What do mountains have to do with climate change? More than you'd expect: new research shows that the weathering rates of mountains caused by vegetation growth plays a major role in controlling global temperatures. Scientists from the University of Oxford and the University of Sheffield have shown how tree roots in certain mountains "acted like a thermostat" for the global climate.
In warmer climates, tree roots grow faster and deeper (aided by the decomposition of leaf litter), breaking up rock that combines with carbon dioxide. This weathering process removes carbon dioxide from the atmosphere, lowering the global temperature and decreasing the growth rate of vegetation.
"This does seem to be a self-regulating process," lead author Christopher Doughty told mongabay.com. "However, it is important to note that plants did not evolve to regulate climate in this way. It is likely a fortuitous coincidence or maybe life would have gone extinct without this process long ago and we wouldn't be here to talk about it."
The research helps resolve the enigma of how the climate remained stable enough to support life despite repeated global climatic events.
"It has always been a mystery why climate has remained stable for life despite several large changes in temperature that could have negatively impacted life," Doughty said. "There are several mechanisms where life basically stabilized climate for life - we think that this is one of those mechanisms. It is important because it helps us to better understand how life has maintained itself on this planet for so long."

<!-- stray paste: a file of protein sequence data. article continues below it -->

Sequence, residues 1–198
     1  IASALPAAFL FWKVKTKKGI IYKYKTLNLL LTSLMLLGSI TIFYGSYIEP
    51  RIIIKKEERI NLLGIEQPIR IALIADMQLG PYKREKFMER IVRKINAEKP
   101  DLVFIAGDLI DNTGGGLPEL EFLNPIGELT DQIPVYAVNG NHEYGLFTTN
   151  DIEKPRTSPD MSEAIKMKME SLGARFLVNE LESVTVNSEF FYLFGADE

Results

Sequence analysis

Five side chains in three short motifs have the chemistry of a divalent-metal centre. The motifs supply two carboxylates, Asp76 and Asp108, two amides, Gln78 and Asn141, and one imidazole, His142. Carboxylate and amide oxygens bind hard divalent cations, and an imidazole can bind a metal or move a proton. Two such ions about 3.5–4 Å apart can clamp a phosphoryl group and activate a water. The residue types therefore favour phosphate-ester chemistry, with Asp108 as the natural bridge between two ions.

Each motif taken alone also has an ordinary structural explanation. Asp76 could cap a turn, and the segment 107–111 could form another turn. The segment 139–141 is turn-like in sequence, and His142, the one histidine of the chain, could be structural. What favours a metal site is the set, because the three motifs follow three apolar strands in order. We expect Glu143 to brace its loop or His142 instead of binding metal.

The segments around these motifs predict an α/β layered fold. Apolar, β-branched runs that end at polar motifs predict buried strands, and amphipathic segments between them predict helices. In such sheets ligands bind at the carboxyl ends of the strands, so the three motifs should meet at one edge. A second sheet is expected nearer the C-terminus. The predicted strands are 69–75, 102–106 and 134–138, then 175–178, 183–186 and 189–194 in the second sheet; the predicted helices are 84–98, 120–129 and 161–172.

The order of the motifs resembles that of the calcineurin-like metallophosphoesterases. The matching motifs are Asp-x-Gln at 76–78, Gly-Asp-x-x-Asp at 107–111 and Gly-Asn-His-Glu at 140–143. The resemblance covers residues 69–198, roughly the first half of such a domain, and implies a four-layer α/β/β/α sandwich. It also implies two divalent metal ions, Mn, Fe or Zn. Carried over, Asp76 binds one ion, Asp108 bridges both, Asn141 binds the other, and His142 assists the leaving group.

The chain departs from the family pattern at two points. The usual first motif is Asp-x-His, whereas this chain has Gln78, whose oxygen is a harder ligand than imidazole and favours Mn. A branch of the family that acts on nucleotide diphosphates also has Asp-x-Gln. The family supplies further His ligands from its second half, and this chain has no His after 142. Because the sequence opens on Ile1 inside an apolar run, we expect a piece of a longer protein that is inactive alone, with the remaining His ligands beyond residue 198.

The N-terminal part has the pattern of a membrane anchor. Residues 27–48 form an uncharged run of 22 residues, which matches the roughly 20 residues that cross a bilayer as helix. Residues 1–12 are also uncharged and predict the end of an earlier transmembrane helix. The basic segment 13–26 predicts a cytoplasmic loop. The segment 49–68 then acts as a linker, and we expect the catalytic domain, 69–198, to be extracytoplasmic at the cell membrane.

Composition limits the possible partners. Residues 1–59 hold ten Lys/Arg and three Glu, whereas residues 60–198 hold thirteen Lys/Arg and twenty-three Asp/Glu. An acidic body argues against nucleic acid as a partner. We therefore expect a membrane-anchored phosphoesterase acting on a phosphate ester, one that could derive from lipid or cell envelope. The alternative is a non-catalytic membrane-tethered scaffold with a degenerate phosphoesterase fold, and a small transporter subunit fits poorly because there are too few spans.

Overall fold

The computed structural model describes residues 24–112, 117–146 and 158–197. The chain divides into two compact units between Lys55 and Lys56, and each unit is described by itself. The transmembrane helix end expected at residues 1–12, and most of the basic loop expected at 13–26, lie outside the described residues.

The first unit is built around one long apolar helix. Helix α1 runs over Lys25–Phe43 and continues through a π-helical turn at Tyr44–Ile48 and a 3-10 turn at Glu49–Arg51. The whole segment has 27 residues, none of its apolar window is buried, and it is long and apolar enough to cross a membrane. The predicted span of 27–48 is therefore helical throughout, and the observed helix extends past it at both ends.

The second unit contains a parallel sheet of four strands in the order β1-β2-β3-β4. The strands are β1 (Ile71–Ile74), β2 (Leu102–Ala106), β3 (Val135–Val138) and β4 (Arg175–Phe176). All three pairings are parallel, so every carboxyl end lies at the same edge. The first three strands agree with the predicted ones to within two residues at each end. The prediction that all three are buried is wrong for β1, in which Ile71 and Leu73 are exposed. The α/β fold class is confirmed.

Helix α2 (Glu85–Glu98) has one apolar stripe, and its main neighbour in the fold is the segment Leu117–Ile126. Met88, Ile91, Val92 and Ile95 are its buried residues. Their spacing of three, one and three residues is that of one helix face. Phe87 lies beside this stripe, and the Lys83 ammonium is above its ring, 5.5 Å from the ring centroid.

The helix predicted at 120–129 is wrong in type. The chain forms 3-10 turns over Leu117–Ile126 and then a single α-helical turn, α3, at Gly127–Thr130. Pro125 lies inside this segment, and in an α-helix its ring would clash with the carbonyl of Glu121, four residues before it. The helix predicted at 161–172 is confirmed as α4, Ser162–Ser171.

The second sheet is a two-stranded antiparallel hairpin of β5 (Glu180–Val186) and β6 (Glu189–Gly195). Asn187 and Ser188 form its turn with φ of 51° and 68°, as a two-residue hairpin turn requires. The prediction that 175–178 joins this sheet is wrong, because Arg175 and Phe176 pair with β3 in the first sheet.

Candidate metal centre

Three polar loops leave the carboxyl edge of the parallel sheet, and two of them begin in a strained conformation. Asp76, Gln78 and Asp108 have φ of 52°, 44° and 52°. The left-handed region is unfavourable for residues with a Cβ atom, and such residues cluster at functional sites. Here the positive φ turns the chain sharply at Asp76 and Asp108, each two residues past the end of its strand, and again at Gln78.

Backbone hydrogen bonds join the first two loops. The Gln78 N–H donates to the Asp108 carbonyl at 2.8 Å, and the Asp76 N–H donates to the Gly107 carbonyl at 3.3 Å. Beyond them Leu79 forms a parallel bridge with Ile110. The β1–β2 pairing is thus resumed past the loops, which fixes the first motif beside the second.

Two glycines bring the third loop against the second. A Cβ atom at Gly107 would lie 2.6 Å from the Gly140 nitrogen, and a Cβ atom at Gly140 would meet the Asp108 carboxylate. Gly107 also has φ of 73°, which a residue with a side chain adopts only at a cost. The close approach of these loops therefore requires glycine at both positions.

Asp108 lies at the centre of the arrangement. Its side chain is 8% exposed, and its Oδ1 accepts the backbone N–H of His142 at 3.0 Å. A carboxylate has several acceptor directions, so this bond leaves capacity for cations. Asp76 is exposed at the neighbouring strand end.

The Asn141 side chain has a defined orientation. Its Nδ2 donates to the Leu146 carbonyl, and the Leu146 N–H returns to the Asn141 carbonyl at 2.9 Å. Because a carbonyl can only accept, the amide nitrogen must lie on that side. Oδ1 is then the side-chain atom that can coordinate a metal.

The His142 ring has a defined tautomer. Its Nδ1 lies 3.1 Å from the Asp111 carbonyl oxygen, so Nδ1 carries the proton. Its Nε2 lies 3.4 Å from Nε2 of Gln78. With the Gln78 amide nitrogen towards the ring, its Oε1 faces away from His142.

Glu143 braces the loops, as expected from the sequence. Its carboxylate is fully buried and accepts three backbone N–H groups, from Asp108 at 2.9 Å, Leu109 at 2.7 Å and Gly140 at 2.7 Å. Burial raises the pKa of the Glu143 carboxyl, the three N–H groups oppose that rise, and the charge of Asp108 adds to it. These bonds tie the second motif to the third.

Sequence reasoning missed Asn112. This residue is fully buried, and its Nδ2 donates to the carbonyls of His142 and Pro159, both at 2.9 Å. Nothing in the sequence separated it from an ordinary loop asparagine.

Unfortunately, the authors don't think these mountain thermostats will help prevent human-caused climate change.
"This is an important process to stabilize global climate, but also very slow," Doughty explained. "It requires thousands to millions of years to stabilize climate. This is too slow a process to have any noticeable effect on the CO2 people are adding to the atmosphere by burning of fossil fuels. Over millions of years, the increased CO2 will accelerate weathering, but this will not help humans deal with anthropogenic climate change."
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Mountain image via Shutterstock.